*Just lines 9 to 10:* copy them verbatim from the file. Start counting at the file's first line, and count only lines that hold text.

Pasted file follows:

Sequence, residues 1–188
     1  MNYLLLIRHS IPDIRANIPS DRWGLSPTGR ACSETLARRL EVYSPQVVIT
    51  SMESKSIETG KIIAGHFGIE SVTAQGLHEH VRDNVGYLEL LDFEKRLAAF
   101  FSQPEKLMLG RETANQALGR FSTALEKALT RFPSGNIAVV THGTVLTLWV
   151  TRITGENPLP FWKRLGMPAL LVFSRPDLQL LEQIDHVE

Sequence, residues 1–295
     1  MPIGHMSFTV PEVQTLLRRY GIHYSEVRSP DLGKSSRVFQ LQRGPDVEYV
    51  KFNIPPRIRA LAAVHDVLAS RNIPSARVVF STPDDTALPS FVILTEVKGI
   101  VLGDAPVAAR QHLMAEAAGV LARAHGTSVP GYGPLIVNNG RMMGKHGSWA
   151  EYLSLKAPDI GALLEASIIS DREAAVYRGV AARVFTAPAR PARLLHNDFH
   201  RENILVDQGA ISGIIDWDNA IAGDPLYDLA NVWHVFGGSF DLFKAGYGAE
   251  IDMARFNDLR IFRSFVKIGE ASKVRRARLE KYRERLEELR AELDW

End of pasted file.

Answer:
   101  VLGDAPVAAR QHLMAEAAGV LARAHGTSVP GYGPLIVNNG RMMGKHGSWA
   151  EYLSLKAPDI GALLEASIIS DREAAVYRGV AARVFTAPAR PARLLHNDFH